Study: Older ED patients at risk with certain drugs

Avoid giving high-risk drugs to elderly patients

Many medications are inappropriate for elderly patients because of the risk of adverse drug events (ADEs), but these drugs are given commonly in the ED, says a new study.1 Commonly used medications that should be used with caution in elderly patients include nonsteroidal anti-inflammatory drugs, benzodiazepines, and anticholinergic medications.

"The take-home message here is that medications that we commonly use in younger patients may not be the best choices for older patients," says Kennon Heard, MD, assistant professor of emergency medicine at University of Colorado School of Medicine in Denver. "Nurses should ask themselves if the medications are the best for the specific patient, rather than allowing habit to dictate."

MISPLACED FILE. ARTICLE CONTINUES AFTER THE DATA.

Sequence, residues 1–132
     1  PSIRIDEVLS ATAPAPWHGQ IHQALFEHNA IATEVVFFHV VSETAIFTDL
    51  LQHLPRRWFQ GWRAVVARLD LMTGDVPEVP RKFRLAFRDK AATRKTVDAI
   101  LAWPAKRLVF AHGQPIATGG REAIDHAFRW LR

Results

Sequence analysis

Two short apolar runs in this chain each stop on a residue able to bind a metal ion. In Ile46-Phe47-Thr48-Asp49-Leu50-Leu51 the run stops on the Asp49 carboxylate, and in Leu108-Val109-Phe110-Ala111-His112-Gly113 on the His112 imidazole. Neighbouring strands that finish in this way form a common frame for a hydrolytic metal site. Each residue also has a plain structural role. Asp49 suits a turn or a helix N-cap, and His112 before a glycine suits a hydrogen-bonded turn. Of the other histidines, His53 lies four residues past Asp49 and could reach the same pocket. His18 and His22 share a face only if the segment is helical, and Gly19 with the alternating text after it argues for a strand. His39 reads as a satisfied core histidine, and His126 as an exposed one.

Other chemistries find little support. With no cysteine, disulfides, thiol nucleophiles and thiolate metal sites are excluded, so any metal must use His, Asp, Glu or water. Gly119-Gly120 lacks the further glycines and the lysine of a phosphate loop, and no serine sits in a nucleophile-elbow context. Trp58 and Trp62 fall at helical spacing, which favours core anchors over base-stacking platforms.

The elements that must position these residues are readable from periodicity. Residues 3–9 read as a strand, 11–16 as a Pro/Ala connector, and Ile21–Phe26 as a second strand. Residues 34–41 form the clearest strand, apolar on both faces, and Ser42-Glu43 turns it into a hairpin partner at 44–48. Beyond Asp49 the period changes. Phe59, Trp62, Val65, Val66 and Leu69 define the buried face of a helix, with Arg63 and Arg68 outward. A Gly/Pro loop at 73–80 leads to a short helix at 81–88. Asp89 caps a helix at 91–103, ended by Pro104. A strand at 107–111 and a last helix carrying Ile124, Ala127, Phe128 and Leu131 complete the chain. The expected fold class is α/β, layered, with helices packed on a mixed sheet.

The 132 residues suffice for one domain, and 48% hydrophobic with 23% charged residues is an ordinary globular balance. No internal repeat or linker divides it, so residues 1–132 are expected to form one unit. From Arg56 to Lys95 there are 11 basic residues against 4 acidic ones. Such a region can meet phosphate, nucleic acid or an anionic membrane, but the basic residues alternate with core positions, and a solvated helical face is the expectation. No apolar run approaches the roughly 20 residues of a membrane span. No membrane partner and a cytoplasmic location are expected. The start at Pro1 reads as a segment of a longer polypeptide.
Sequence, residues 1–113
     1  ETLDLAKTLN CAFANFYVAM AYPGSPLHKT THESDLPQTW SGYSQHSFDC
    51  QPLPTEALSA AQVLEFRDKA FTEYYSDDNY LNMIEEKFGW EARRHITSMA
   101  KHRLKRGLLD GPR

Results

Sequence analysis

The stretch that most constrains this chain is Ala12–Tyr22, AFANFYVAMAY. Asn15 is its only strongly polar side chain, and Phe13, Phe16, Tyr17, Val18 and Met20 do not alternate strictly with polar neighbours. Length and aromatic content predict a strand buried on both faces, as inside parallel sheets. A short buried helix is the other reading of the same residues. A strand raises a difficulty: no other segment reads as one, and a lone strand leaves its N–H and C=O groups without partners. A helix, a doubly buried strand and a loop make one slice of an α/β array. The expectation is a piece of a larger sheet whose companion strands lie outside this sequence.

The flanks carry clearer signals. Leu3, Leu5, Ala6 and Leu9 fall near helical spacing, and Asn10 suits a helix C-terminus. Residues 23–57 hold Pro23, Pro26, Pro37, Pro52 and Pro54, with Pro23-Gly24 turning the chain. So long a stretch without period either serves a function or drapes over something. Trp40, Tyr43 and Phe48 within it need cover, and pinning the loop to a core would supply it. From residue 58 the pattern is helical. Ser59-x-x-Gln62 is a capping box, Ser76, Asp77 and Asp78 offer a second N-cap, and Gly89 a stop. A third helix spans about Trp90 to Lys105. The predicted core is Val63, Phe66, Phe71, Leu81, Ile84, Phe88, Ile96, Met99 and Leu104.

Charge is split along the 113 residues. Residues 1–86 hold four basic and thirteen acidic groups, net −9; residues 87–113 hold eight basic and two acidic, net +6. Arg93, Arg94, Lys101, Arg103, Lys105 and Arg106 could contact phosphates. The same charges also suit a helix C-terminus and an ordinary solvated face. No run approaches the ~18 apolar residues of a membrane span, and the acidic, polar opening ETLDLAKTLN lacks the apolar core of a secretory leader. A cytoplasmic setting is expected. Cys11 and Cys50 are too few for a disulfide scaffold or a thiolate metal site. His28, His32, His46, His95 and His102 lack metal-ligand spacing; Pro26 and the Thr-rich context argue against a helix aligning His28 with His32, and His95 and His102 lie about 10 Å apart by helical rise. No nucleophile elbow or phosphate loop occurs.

Older patients often present to the ED with ADEs, but symptoms may be vague, including confusion, lightheadedness, dizziness, or generalized weakness, says Kevin M. Terrell, DO, MS, the story's lead author and assistant professor of emergency medicine at Indiana University School of Medicine in Indianapolis. "Consider the possibility of an ADE when older adults present to the ED with these or other nonspecific symptoms," advises Terrell.